1. Imagine a DJ has a source device, like a CD player, that has, say, a 5:0.1 SnR. This is outputting a signal with 5 'points' of the signal, and 0.1 point of noise which gets sent to the input gain of a mixer. 

  2. The input gain is set to +5 (out of a maximum of +10). So this adds 5 points of signal and 5 points of noise, or an SnR of 10:5.1. Because the max is +10, it only uses 5 points on the signal, and 5 of more noise is added.  

  3. This signal is then sent through the master output, which is an amplification of 10x, and then another 10x through the speaker amps. 

  4. The audience is then listening to a signal which is 1000 points of nice signal, to 510 points of unwanted noise. Which is far from ideal, and will have a noticeably noisy quality. The DJ tries to counteract this by cranking up the master output, but this increases the noise just as much as the signal. 

As you can see, a bad SnR early on is just exaggerated by subsequent stages of amplification. Creating a sound through the speakers that is basically 1/3 noise. 

Now, let's have a look at what would happen if the DJ used proper gain staging. 

  1. The CDJ has the same 5:0.1 SnR, getting sent to the mixer. 

  2. The DJ now puts the input gain to +9 (rather than +5), adding 9 points of signal and 1 point of noise, creating an SnR of 14:1.1

  3. This is then amplified 10x by the master output, and 10x by the speaker amps. 

  4. The audience is then listening to a sound with 1400 points of signal, to 110 points of noise, which is a far purer and noiseless signal compared to the first DJ. 

This shows the importance of getting the input gain right, to maximize the SnR. This creates a cleaner, purer, and noise-free signal, which obviously creates a better listening experience overall. 

However, you need to be careful not to crank the input gain too much, as this can distort or clip the signal...

Understanding Distortion and Clipping #

While DJs need to boost input gain to maximise SnR, at the same time they need to avoid boosting it too much, which causes distortion or clipping. 

Audio circuits and devices only have so much 'room' (capacity, headroom) for the energy of an audio signal. If this capacity is overloaded, the audio signal becomes crushed and distorted, as the internal components can't process the full signal as it passes through. This created distortion, aka clipping - because it clips off the top of the waveform.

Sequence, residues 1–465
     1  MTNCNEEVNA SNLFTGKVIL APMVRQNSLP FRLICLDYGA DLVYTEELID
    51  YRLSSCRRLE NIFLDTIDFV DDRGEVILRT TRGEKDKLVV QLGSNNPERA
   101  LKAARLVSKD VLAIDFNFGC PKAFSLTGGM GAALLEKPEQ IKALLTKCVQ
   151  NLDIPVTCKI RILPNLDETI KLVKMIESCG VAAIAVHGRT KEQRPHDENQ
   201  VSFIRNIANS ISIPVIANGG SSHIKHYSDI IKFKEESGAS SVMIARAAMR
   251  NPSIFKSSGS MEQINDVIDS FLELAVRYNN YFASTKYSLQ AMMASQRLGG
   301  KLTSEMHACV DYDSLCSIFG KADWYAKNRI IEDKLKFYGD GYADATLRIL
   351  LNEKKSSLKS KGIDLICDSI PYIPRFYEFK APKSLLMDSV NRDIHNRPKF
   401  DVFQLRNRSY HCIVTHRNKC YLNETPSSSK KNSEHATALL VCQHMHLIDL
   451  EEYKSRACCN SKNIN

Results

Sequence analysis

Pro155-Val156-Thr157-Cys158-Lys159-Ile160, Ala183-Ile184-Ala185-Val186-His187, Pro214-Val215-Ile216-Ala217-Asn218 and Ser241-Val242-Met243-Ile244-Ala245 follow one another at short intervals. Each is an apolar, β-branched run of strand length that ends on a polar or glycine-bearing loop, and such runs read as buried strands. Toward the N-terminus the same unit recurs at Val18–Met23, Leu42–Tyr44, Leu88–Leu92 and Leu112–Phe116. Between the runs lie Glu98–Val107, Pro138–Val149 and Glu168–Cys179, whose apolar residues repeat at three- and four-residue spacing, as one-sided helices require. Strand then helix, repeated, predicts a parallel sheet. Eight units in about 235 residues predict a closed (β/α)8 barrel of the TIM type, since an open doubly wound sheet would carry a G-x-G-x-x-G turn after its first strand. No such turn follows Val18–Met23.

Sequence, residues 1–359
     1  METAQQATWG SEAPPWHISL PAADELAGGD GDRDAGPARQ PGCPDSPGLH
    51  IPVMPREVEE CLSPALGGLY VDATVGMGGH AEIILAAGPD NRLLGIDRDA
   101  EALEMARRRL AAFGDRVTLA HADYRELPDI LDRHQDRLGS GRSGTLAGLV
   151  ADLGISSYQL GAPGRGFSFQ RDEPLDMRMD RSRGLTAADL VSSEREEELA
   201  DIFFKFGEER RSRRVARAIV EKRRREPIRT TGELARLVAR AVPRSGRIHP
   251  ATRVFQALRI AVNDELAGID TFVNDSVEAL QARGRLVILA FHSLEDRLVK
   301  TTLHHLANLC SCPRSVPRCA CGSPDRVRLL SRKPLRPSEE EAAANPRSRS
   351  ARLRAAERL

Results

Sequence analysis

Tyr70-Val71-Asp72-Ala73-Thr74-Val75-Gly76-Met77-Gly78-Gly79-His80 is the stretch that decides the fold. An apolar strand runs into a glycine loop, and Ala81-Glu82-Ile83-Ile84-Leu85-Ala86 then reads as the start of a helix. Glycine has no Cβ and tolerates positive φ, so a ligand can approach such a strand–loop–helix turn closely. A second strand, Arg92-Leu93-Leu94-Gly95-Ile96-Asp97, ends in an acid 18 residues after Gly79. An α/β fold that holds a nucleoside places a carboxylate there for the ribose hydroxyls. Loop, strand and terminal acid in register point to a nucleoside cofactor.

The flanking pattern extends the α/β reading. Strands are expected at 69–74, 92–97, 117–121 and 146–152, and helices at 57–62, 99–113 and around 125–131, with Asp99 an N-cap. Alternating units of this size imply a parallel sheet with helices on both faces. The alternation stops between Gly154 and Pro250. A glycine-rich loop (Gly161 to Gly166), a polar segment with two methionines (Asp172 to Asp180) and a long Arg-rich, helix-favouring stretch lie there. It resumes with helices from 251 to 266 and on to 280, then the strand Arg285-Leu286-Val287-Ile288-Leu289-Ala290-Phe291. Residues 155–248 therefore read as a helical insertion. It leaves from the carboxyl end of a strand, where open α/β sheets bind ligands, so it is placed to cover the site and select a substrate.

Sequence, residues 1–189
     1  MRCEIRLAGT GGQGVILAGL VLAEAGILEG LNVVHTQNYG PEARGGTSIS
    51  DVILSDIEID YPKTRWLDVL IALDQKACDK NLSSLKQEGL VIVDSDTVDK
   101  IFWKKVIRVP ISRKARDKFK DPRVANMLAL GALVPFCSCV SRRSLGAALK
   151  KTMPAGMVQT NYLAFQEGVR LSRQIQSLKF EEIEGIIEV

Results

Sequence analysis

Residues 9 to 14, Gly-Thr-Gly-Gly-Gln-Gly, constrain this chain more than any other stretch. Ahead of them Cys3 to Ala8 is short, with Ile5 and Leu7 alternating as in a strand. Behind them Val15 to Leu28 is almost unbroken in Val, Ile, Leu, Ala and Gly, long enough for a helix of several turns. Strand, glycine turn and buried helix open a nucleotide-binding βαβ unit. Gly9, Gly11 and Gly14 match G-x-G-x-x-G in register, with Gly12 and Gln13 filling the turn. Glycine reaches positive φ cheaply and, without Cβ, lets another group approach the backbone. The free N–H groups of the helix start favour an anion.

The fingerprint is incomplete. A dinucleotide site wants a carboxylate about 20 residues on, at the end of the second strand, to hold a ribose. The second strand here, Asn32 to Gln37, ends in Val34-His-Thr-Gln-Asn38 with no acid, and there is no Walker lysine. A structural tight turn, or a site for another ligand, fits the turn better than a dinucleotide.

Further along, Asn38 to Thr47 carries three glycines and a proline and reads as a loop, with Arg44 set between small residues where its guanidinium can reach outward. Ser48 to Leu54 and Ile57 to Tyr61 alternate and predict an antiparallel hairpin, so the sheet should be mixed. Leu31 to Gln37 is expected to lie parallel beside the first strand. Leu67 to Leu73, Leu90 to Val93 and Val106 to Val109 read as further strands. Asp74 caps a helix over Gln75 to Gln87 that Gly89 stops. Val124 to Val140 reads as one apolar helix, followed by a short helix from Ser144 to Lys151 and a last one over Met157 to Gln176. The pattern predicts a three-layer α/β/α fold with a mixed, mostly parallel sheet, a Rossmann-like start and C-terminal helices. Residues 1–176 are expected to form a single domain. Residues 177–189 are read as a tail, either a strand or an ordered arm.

For a fun analogy, you can think of an audio waveform as a train, and the capacity of an amplifier or device as a tunnel. If you drive a train that is too tall into the tunnel, it's going to cut off the top of the train. The train will come out the other side of the tunnel without its roof...

Distortion/clipping for DJs works like this:

  1. The DJ has an audio source (CD player) being run through the mixer. The CD creates a signal with a level of 8. 

  2. The DJ then puts the input gain to +10, creating an output signal of 18. 

  3. In this example, the mixer only has the capacity for 15 points of the output signal peak level, meaning the top 3 points are flattened out. 

(These numbers are just for an example demonstration, they're not accurate). In reality, the point at which most mixers clip is at 0dB, and you want to aim to have your signals below this level. When setting gain levels for DJ mixes, aiming for an optimal level of around -6 dB to -3 dB is generally recommended. This level provides sufficient headroom for the audio signal, allowing for dynamic peaks without risking distortion or clipping. You should try not to exceed a true peak of -1 dB unless you want distortion. 

To understand why this creates distortion, have a look at the diagram above. 

An audio waveform is typically a smooth wavy line. When this signal gets clipped by being too loud for the output, it cuts the top of the waves off, leaving flattened peaks. This changes the waveform's shape, creating a saturated and distorted tone. 

The waveform's shape is replicated by the listener's ear drums. So really, you want them to be vibrating smoothly. But when a signal is distorted, it creates harsh movements on the eardrum, which creates the distorted noise interpreted by our psychoacoustic and physical listening systems (ears and brain). 

While DJs should avoid this distortion effect if they want a cleaner, purer audio signal, many DJs are known to use this as a creative effect. Some DJs will purposely overdrive the signal by cranking it too loud, to create a gritty, crunchy tone, for a more aggressive sound in their performance. This isn't necessarily wrong, it's just using the same principle as an artistic device - it all depends on the context and what you're trying to achieve. 

How To Gain Stage: Guide for DJs#

With all the theories and concepts learned, it's time to start putting your knowledge to practice. 

This section gives you some practical instructions to gain stage when you're DJing. Integrating this in your mixes will help you to have the correct gain structure, and maximize the audio quality of your performance.